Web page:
Richard Griffin first met Roscoe Brown in 1969. It was the same year the takeover of the Administration building occurred on the Springfield campus.
Griffin, a first-year student at the time, was born and raised in East Harlem, N.Y. – an area where the impact of Roscoe Brown was plentiful, yet Griffin had not known who he was.
At the urging of a staff member in the Alumni Office, Griffin helped organize to invite Brown to campus as a guest speaker for a dinner Black students wanted to turn into an annual event.
Upon reading up on Brown and meeting him in person, it did not take long for Griffin to see what type of man he was.
“He spoke clearly, he looked you in the eyes when he spoke to you, and he was ongoing offering words of encouragement and also trying to find out more about you, the person,” Griffin said.
“He was encouraging to us as students, he spoke about our rich history as African American students in America, and he stated that we should always set high goals for ourselves and work hard towards our goals and continue to be disciplined.”
By that time when Brown was returning to the Springfield College campus, he had earned two more degrees and embarked on a career that focused on benefiting others.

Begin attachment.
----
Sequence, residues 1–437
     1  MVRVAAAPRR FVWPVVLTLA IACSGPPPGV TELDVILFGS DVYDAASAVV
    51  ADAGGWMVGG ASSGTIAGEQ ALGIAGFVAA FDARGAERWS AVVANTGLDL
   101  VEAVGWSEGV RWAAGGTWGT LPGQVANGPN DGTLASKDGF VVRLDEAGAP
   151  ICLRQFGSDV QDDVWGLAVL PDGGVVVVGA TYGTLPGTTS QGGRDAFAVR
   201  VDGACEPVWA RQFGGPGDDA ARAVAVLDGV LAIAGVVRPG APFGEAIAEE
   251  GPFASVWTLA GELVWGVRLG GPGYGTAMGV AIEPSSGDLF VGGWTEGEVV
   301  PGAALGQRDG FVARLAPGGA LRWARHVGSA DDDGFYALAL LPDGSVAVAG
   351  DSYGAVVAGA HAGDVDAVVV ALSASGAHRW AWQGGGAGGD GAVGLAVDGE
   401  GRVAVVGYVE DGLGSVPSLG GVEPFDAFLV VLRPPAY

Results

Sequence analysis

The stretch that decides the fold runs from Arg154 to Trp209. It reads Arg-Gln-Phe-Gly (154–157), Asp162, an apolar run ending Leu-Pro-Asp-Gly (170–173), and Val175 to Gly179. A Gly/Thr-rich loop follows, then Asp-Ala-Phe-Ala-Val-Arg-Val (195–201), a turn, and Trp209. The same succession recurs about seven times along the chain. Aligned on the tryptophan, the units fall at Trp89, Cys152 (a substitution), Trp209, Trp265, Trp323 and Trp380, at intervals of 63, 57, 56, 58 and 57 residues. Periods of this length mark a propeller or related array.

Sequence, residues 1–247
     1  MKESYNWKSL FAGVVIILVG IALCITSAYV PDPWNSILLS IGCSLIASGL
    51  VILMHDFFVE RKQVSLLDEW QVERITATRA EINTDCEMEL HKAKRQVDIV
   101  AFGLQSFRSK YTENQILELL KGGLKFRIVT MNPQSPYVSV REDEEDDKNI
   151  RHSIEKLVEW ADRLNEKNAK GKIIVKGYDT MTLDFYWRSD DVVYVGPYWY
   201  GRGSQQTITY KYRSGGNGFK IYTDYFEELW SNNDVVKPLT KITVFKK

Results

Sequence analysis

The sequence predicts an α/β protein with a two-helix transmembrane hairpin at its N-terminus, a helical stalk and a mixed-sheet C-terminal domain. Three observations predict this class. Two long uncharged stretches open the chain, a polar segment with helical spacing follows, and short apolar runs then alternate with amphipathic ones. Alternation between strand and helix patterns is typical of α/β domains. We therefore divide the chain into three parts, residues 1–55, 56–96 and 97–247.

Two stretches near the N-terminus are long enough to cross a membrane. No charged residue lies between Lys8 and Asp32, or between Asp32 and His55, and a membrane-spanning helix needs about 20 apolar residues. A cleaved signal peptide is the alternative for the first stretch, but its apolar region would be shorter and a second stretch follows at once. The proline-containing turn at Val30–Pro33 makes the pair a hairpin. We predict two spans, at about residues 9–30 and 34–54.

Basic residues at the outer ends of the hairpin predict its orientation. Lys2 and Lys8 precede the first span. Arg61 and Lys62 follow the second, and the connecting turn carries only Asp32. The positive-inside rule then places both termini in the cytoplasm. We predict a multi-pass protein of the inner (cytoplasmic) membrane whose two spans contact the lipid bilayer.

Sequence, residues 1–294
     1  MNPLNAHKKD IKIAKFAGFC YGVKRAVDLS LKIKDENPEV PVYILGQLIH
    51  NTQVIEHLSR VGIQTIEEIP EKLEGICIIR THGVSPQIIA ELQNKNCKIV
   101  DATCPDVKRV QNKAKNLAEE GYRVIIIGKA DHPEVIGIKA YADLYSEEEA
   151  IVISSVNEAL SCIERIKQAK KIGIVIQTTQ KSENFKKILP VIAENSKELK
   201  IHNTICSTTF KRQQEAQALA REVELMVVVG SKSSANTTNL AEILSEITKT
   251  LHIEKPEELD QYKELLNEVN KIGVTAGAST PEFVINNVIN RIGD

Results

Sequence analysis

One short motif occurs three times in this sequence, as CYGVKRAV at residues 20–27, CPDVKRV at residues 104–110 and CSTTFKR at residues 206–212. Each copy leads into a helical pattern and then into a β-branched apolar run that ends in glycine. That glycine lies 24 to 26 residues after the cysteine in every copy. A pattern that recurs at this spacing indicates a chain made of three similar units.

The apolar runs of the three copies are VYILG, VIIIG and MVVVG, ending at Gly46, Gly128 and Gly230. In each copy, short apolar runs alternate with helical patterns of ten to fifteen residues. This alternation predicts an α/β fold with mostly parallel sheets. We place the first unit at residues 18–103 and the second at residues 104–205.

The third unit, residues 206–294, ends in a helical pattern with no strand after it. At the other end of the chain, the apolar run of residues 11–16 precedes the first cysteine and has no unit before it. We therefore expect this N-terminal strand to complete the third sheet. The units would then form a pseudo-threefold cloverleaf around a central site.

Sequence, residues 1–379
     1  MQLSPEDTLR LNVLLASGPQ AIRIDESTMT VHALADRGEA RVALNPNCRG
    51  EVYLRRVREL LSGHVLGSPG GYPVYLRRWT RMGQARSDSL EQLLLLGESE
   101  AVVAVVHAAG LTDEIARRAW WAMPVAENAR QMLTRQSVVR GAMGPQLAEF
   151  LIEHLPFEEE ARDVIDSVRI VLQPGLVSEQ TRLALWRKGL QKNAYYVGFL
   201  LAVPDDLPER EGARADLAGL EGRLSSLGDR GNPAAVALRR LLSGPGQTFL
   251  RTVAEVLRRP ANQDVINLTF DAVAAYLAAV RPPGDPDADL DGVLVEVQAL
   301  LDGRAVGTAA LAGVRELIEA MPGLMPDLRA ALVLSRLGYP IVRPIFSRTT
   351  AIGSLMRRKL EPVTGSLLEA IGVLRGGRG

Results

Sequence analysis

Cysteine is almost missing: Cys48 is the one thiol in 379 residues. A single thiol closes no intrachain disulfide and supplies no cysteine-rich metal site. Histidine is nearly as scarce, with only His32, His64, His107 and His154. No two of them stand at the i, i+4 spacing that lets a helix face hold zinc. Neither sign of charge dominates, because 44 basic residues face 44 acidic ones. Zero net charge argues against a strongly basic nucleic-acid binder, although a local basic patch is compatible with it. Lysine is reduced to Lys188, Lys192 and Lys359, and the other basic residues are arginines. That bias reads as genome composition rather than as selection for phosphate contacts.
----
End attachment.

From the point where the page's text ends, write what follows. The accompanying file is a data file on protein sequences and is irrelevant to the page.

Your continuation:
Brown earned a Master’s Degree from New York University in 1949 and a Doctorate in 1951. From 1950 to 1977, Brown served as a Professor of Education at New York University and the Director of the Institute of Afro-American affairs.
Following that role, Brown would move on to become the President of Bronx Community College as part of the City University of New York (CUNY) and remained in that position until 1993.
In addition to those roles, Brown served the Boys and Girls Clubs of America for over 30 years, he was active within the Jackie Robinson Foundation and Libraries for the Future, he hosted a television program entitled “African American Legends” and he was a contributor to numerous books.
Throughout his life and all of his jobs, Brown was committed to two things: helping people, especially young folks, recognize the importance of education, and battling racism.
Don Brown attended Springfield College from 1965 to 1969 and is a native of the Bronx, N.Y. He first met Dr. Roscoe Brown in 1990 when he was working for Boston College and creating an initiative called “Concerned Black Men.”
That program was similar to the “One Hundred Black Men” organization that Roscoe Brown had a hand in back in New York. Both groups aimed to improve the quality of life for African American males.
Don Brown reached out to Roscoe Brown and asked him if he would be willing to come to Boston and talk a bit about his program and what made it successful.